Our Transition Committee Chairs understood and would have been up to the challenge, but their committee had been constituted to fill in the gaps when the congregation didn’t have a resident rabbi. They were prepared to throw a party — several parties, actually, which were very helpful — once the new rabbi arrived. Then, though, the Transition Committee was determined to disband.

Much was awkward during the first year. In my twenty-third year as a congregational rabbi, I frequently felt like a novice. Lay partners and I often tripped over each other, with their deference to my rabbinic leadership often running counter to my eagerness to be true to the congregation’s traditions. I was new to certain roles that had been filled by others in a larger synagogue, and needed to develop new competencies. Often, services and programs felt like an uneasy mixture of my style and the congregation’s, not yet seamlessly meshed.

Complicating matters, the congregation wasn’t the only party going through a challenging transition. The loss of my previous position had been traumatic. Even though I had a year’s sabbatical before entering the new congregation, I was still reeling from losing my home of 21 years, where I expected to stay to the end of my career and beyond.

My own trauma was matched by my family’s dislocation. My wife and younger son adapted quickly and happily to Little Rock, but were giving up a great deal in the process. Our older son took longer, and that first year was rough. Meanwhile, my dad was nursing his dying wife in their home around the corner from where we had lived in our previous community. I was busy in Little Rock, but my mind was often directed to my father’s home and to grieving the loss of my step-mother of 29 years.

Personal adjustments were tough. Professional adaptation is more at the heart of this essay’s subject. During the first year, what may be called “post-traumatic stress” amplified my reaction to even the smallest and most limited criticism. Moreover, having done outstanding due diligence in the search process, my new lay leaders were well aware of my foibles and were understandably concerned when even faint hints of those issues arose.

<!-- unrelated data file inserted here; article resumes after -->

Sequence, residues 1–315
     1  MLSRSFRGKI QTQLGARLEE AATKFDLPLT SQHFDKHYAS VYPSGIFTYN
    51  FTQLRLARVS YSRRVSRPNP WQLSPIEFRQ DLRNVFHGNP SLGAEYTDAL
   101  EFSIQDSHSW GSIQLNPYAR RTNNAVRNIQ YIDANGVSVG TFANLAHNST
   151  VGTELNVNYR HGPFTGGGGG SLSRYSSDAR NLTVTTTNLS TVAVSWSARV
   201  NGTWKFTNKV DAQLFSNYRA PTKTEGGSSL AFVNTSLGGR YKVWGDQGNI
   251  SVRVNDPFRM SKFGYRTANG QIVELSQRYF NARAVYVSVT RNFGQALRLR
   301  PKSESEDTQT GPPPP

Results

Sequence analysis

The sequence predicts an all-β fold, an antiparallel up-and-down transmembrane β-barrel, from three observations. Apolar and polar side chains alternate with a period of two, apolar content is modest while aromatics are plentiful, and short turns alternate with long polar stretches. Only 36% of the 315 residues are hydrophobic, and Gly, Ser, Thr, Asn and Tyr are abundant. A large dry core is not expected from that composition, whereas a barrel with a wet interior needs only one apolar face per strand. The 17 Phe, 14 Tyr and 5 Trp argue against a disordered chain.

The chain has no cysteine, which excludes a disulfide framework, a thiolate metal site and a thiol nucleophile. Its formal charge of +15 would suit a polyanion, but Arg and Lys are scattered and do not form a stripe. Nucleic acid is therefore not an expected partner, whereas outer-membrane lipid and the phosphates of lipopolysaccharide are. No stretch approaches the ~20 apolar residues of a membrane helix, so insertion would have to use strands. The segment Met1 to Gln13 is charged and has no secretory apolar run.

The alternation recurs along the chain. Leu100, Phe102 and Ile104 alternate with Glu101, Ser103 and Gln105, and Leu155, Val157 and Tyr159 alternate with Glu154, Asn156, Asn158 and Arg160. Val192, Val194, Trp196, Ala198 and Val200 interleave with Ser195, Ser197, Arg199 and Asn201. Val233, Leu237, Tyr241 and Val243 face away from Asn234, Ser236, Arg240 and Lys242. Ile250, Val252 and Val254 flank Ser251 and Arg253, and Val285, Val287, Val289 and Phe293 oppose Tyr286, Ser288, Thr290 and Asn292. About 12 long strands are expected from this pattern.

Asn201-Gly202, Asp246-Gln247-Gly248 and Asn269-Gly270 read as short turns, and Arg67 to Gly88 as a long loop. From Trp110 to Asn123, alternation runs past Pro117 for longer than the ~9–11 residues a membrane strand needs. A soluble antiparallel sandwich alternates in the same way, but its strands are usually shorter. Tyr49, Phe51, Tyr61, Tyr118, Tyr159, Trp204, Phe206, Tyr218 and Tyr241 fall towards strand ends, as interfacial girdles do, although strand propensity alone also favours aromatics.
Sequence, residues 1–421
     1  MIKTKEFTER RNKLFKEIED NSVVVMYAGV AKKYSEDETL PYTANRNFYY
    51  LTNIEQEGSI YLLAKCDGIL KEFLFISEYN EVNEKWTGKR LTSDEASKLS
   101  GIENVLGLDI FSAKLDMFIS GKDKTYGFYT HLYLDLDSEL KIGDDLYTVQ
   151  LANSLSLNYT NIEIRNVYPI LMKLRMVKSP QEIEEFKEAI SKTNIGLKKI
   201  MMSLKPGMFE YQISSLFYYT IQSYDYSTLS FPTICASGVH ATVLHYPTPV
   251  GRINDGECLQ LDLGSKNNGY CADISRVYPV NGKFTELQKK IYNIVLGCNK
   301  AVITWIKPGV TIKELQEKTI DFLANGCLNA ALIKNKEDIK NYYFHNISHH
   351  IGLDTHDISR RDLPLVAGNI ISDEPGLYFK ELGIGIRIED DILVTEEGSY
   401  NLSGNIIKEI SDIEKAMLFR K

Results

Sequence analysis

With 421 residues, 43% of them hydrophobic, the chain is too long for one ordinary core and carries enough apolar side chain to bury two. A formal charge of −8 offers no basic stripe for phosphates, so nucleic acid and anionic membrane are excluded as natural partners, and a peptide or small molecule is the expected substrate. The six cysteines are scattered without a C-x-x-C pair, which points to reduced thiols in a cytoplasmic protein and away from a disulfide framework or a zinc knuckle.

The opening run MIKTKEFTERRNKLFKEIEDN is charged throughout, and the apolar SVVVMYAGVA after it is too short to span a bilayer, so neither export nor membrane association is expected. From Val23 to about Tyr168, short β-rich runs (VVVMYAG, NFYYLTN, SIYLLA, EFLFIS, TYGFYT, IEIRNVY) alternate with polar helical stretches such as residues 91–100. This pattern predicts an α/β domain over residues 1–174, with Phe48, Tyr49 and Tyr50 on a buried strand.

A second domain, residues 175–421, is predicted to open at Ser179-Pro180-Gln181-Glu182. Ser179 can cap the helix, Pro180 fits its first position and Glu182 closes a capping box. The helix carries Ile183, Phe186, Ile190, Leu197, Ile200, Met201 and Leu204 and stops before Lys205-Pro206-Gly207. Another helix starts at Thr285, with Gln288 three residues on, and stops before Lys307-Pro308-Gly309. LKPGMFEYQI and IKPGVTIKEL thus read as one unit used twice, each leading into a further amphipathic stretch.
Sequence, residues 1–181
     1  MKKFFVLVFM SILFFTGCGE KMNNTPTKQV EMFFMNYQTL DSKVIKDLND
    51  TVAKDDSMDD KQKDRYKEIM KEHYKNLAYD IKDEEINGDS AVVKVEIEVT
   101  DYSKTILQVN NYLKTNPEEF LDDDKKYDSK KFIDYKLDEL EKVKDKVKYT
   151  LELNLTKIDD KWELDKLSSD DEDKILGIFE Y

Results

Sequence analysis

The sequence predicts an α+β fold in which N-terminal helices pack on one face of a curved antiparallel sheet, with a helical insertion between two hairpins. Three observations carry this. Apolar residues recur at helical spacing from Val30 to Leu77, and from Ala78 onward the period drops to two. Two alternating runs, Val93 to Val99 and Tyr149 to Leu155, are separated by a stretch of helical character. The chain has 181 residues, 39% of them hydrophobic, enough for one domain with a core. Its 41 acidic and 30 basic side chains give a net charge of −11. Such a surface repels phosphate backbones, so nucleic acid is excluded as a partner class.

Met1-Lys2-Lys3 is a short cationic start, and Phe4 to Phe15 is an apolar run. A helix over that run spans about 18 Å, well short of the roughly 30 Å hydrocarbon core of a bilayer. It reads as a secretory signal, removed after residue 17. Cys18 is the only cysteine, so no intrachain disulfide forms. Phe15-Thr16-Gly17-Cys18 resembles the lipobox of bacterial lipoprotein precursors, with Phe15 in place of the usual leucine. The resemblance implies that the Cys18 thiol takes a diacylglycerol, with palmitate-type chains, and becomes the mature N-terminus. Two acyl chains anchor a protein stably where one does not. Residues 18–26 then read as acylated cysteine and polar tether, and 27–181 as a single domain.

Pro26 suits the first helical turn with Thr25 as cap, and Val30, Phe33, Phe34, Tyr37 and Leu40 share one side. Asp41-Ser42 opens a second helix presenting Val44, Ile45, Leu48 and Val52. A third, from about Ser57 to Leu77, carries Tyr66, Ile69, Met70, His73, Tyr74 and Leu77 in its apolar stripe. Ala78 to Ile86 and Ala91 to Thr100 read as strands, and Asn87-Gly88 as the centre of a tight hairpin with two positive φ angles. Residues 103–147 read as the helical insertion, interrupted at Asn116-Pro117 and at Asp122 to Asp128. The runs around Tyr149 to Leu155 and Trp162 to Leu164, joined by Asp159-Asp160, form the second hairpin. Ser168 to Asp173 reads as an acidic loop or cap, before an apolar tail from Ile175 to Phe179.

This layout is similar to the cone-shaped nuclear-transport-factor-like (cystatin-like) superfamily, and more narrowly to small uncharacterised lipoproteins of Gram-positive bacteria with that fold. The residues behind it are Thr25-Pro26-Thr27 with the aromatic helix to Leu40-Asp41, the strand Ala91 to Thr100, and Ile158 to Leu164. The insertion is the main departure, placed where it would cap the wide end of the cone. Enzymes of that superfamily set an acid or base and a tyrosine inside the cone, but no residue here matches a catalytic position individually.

What a difference the second year made!

In the second year, the less-new rabbi is no longer leading the congregation through any annual event for the first time. The congregation’s receptivity to what I had to offer was more easily combined with what I had learned about the congregation’s long-established patterns. Our staffing had stabilized, with a talented Administrator joining our team at the end of my first year.

At a personal level, I had begun — imperceptibly, at first — to let go of the traumas of the past. My family was now at home in Little Rock, including my father, in his own home on our very street.

Today, my wife and I are returning to Little Rock from a brief “kids at camp” getaway. By coincidence, we went to the same vacation spot three years ago at this season, shortly after I had resigned my previous pulpit. Perhaps “déjà vu” would be a better word than “coincidence:” During both of these trips, to a place we haven’t been any other time, others were moving me out of my office. The two moves couldn’t be more different. Three years ago, I was being moved out of an office I adored, where I had only three months earlier had every reason to believe I would spend the rest of my career. This summer, at my no-longer-new congregation, our offices are being remodeled for many reasons, not the least of them being to create a quieter and more private space for congregants to meet with me. Three years ago, at a retreat that was supposed to be relaxing, I was constantly on the phone, confronting compounding trauma. This week, even with a big move happening in the office, I didn’t make more than a handful of phone calls in four days, and none of them was frantic.

Ten days ago, at our congregation’s Annual Meeting, I was pleased to announce that I was ready to declare our mutual rabbinical transition complete. Yes, I was talking about a transition that many had imagined finished two years earlier. The truth is, though, that Steve Fox had been correct. Two years would be required for congregation and rabbi to feel fully at home with one another.

At that same meeting, the congregation approved the extension of my rabbinic term, for five years beyond the first three, in effect ratifying a contract already approved by the Board to take effect beginning next summer. Yes, after two years, transition is complete, for both rabbi and congregation.


Rabbi Barry Block serves Congregation B’nai Israel in Little Rock, Arkansas.